PEOPLE with convictions of assault, arson, and possession of drugs have applied to work at West Dorset schools – but education chiefs can’t tell us how many made it into the classroom.

The Echo has learned that 42 people with criminal convictions have applied to work in positions such as headteacher, teacher, classroom assistant and lunchtime supervisor since 2012 in schools between Puddletown and Lyme Regis.

Eight of those flagged up on the Disclosure and Barring Service database were convicted of drink driving.

Four have a criminal conviction for stealing from their employer.

Officials do not know how many of these people were taken on because recruitment is often up to individual schools.

In the UK there are certain crimes which automatically ban people from working in schools. But with the majority of convictions, applicants are able to explain themselves to a potential employer.

Angela Burr, Dorset County Council’s safeguarding standards advisor, said: “Since June 2013, DBS certificates will be seen only by the school recruiting to a post, not the county council, and it is the responsibility of the school to determine the suitability of an applicant.

“The law does not allow for blanket policies that say no-one with a criminal record can be employed.

“Just because an individual has a criminal conviction, this does not in itself mean that he or she is a risk to, or unsuitable to work with, children.

“Some offences will clearly preclude an individual from working or volunteering with children but for others the context of the conviction is important – for example, how long ago it was, how old was the person at the time, whether it was an isolated incident, whether person showed remorse, and so on.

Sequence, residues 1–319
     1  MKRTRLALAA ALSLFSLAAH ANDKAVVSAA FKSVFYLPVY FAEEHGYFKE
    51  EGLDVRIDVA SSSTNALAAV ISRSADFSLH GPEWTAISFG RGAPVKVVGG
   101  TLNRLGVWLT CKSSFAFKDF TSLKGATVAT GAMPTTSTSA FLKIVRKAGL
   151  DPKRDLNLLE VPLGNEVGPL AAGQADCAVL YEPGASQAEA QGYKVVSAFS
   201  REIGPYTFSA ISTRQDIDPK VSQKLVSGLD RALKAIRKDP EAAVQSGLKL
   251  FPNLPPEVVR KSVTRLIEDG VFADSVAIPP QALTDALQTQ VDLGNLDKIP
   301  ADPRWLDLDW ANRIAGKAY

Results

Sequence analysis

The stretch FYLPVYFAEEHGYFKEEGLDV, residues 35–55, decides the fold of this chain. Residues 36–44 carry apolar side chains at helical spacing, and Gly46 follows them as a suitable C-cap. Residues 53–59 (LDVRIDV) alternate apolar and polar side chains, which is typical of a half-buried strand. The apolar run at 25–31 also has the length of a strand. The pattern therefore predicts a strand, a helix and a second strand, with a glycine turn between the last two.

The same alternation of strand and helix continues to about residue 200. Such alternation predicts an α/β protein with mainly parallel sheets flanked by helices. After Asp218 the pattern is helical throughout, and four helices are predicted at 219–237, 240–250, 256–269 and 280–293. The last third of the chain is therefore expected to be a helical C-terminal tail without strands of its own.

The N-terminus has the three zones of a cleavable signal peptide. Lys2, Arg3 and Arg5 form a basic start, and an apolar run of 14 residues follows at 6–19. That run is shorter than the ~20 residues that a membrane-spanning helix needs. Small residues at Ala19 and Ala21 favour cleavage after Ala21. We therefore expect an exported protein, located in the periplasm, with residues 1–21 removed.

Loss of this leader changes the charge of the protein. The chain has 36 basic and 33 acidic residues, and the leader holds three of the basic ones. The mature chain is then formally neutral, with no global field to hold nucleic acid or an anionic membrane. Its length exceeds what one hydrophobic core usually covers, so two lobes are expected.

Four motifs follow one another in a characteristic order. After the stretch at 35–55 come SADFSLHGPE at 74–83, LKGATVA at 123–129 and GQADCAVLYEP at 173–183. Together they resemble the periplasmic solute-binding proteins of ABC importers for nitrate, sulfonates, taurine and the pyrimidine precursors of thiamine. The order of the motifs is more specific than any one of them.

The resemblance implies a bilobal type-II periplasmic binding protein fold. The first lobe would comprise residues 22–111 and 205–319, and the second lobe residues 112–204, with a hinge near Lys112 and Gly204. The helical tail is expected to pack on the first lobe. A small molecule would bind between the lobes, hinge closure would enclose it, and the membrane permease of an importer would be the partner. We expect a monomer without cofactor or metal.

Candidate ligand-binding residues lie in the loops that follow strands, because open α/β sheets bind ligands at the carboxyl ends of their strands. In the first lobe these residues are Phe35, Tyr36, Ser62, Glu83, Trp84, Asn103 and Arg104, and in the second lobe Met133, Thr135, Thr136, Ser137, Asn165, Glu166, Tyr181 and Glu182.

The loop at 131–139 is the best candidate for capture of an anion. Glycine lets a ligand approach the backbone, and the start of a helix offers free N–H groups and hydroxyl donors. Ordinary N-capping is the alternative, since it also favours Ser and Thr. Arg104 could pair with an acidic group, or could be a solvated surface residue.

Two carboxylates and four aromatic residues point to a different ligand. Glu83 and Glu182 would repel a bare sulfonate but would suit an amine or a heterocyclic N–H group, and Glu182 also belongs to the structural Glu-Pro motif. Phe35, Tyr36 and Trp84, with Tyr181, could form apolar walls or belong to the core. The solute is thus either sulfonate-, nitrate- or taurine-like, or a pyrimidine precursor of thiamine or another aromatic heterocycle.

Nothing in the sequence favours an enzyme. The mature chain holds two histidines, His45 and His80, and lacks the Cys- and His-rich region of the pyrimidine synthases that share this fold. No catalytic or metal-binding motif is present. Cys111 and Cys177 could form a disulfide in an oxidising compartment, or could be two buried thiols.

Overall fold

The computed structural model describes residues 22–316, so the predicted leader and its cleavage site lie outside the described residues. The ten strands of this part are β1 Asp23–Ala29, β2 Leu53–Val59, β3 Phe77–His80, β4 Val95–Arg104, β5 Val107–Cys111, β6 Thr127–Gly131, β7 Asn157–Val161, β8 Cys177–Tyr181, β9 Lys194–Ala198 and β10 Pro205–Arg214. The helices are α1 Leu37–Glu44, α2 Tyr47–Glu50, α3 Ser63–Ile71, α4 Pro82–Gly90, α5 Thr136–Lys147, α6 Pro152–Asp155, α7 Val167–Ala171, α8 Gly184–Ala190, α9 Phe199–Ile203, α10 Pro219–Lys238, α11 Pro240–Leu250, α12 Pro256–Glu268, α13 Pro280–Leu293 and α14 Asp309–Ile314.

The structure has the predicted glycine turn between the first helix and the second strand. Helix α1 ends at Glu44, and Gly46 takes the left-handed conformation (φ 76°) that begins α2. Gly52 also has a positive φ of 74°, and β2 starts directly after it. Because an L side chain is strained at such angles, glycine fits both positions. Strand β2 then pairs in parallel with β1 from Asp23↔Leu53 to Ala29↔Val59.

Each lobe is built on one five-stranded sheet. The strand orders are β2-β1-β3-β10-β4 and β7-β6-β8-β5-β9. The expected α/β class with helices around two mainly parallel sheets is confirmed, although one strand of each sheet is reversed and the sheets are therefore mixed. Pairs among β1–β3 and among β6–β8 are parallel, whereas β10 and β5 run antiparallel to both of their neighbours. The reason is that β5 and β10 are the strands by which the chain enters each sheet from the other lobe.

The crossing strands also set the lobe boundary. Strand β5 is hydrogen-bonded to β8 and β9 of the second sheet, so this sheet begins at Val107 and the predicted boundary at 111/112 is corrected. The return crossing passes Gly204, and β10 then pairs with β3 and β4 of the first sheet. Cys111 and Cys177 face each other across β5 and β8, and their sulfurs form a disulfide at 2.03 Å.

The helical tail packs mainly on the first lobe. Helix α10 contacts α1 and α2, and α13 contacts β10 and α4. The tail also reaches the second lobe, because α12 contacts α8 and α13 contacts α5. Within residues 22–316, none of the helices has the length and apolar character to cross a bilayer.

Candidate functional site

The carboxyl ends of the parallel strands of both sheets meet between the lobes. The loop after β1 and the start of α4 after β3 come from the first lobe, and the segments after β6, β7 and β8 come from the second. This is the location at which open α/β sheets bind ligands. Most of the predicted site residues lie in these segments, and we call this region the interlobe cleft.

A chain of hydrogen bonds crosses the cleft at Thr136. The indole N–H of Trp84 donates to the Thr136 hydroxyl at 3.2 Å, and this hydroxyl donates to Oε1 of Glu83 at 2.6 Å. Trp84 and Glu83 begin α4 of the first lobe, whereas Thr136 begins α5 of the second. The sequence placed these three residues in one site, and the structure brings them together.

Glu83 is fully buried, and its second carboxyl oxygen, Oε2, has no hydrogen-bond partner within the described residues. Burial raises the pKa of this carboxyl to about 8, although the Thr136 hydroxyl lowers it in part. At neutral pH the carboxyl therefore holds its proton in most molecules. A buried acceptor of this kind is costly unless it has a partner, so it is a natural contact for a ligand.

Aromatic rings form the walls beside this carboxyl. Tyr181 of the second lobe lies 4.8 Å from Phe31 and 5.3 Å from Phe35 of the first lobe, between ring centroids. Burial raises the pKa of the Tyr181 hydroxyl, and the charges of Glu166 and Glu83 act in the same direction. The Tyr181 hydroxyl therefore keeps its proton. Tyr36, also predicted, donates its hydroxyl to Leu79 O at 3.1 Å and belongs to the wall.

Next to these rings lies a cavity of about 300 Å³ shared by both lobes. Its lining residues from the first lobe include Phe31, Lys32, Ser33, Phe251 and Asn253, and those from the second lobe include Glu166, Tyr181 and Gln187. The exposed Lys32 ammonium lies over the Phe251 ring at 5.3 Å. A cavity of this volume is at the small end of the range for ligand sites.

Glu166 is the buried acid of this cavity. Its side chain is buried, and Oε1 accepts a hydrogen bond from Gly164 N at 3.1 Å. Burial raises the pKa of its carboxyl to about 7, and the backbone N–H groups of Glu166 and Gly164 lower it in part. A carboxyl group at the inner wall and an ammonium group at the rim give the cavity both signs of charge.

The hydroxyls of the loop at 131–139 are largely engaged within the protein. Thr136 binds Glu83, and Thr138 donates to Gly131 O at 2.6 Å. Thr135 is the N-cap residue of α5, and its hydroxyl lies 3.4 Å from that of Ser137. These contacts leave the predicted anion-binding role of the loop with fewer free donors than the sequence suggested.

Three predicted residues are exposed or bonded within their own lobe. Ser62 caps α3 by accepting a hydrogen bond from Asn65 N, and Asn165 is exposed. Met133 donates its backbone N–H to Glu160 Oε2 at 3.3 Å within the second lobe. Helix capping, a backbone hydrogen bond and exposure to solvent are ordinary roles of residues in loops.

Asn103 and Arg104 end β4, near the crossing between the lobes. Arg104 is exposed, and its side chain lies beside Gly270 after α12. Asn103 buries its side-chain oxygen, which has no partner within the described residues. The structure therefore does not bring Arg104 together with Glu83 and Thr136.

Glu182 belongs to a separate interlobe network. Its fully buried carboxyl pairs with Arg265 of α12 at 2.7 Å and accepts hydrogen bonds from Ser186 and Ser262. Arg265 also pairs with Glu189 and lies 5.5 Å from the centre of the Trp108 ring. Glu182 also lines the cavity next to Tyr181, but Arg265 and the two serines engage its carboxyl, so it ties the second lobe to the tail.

“The government is clear in its new guidance: ‘Keeping Children Safe in Education’ that schools and governing bodies must act reasonably in making decisions about the suitability of the prospective employee.”

That same guidance says schools do not need to obtain an Enhanced DBS check – the highest level of disclosure – if the candidate has worked in a school or environment that brought them in to close contact with children or in any post in a school or college in the last three months.

But the new employer can request one if there are concerns.

In Britain there is a list of crimes which automatically bans people from working with children; for example, child sex offences, murder and kidnap.

Margaret Morrissey, of Parents Outloud, pictured left, said the government should engage more with schools to find out how many have employed people with convictions.

She said: “The excuse could be ‘I’m not like that, I just got drunk and made a mistake one time’.

“But that’s not acceptable when you want to work in an environment with children.

“The government needs to look closely at this and think about what the expectations should be.

“Being in the education profession is not just about a teaching degree; it’s about the way you live your life, the standards you uphold.

“There needs to be a discussion between the government and school governors who are involved with hiring and firing and see what the situation is so we can lift expectations.”